On the sidelines of public debates at the recent Eurofi Forum, Stéphane Giordano, Chairman of AMAFI, Arnaud Eard, Director of European and International Affairs, and several members of the European Action Commission met representatives from institutions, MEPs and delegates from the finance ministries of nine member states, the CFTC (Commodity Futures Trading Commission) and the US Treasury.
Discussions focused on current issues for AMAFI: EMIR, the Listing Act (AMAFI / 23-33) and the MiFIR review (AMAFI / 23-19).
- Regarding the EMIR, AMAFI advocated a prudent approach to the relocation of derivatives clearing in euros in order to preserve the competitiveness of European market participants and the attractiveness of the European Union’s markets. It therefore recommends a staggered implementation of the requirement for European institutions to hold an active account with a European central counterparty, without relocation thresholds, for three years, followed by a quantitative approach only if deemed necessary.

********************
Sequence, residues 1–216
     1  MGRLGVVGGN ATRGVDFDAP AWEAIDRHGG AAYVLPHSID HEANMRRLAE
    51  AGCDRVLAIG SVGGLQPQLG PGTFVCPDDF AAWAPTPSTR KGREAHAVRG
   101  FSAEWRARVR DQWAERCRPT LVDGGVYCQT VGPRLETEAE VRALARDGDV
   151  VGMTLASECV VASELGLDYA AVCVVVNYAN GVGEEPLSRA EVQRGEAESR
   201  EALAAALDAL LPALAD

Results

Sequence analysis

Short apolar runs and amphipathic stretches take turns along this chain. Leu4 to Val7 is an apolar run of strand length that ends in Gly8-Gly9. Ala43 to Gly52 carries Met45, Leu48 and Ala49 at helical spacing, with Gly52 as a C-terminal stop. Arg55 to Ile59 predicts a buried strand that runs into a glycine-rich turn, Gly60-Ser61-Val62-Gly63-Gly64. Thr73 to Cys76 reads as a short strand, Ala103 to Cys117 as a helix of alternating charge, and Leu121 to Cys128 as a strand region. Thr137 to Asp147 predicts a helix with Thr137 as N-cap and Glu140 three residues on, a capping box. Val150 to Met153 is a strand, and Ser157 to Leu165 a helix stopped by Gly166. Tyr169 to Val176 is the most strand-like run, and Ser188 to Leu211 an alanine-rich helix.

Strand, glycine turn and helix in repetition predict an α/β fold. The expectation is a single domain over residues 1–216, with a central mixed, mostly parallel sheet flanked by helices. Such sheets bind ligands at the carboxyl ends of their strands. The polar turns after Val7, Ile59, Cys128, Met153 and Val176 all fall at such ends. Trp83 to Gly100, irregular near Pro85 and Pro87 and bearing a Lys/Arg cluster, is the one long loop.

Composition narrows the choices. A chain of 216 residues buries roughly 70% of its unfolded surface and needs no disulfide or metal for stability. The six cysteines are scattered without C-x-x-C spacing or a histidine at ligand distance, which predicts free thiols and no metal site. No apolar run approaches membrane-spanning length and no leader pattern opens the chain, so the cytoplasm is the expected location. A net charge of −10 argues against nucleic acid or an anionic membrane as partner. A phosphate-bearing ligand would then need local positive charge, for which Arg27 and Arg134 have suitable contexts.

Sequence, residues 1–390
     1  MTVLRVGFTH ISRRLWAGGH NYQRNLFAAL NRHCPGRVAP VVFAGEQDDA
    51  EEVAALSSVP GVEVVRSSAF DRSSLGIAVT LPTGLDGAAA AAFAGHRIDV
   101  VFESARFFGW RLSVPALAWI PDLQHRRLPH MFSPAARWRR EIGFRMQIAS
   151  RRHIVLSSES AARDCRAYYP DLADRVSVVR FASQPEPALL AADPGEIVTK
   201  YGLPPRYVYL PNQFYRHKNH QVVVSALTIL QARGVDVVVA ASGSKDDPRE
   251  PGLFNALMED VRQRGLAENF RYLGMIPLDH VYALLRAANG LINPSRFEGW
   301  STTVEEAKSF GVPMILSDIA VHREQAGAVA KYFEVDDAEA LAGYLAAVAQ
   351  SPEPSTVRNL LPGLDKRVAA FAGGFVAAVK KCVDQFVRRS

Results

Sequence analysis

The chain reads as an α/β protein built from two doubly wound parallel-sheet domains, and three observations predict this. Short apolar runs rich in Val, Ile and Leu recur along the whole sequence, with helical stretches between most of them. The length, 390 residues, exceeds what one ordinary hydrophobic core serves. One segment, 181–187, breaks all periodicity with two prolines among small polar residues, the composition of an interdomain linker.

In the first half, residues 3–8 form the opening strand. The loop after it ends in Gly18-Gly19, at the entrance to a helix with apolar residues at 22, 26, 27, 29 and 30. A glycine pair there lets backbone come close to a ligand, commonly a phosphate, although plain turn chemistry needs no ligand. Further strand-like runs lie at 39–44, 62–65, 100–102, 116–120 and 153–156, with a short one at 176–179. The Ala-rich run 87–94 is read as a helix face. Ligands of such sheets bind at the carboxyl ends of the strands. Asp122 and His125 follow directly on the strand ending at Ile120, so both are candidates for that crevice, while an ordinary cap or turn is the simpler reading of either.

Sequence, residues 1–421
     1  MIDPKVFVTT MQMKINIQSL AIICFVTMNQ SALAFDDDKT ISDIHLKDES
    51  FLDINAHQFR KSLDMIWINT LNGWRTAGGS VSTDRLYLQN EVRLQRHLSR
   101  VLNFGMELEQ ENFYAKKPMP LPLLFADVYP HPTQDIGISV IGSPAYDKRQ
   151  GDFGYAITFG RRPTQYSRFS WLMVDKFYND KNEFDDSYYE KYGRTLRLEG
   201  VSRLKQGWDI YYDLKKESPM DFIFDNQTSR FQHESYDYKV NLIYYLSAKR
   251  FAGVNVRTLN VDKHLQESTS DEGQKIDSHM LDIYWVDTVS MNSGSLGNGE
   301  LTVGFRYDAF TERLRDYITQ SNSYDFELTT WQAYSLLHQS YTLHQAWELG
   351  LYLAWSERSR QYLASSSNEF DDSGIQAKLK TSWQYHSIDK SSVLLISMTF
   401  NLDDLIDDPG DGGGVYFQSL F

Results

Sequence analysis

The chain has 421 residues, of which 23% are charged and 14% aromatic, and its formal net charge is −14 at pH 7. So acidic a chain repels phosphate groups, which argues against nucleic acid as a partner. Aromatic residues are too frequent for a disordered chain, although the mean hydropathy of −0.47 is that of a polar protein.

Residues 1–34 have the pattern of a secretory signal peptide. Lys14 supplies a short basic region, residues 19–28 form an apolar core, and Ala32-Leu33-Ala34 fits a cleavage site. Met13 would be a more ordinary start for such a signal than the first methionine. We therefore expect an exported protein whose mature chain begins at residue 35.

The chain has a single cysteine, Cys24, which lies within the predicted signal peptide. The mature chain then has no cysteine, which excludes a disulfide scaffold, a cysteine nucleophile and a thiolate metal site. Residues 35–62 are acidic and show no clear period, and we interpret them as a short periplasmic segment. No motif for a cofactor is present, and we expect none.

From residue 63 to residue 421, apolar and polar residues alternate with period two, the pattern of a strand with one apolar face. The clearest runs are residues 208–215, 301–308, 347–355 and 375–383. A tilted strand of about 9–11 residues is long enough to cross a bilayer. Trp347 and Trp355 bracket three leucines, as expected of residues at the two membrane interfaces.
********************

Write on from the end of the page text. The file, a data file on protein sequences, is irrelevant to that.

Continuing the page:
- On the Listing Act, AMAFI emphasised the crucial issue of sponsored research for mid-caps. While its recognition at European level is a welcome step, in AMAFI’s view, the governing code should be drawn up at the level of each Member State, rather than by ESMA, in order to take into account the specific features of local markets and foster their development. AMAFI also pointed out that the full rebundling of intermediation and research fees, as was the case before the implementation of MiFID II, could not be the only solution to the current lack of research coverage of mid-cap stocks, as the market has since undergone structural change.
- Finally, AMAFI also set out its priorities with respect to the MiFIR review, which is currently under negotiation in trilogue meetings, in particular with regard to the creation of a pre-trade consolidated tape for equities and the importance of properly calibrating equity and non-equity transparency regimes in order to avoid a liquidity flight to the UK. The aim is to enable the European Union to maintain a certain degree of autonomy in financing its economy.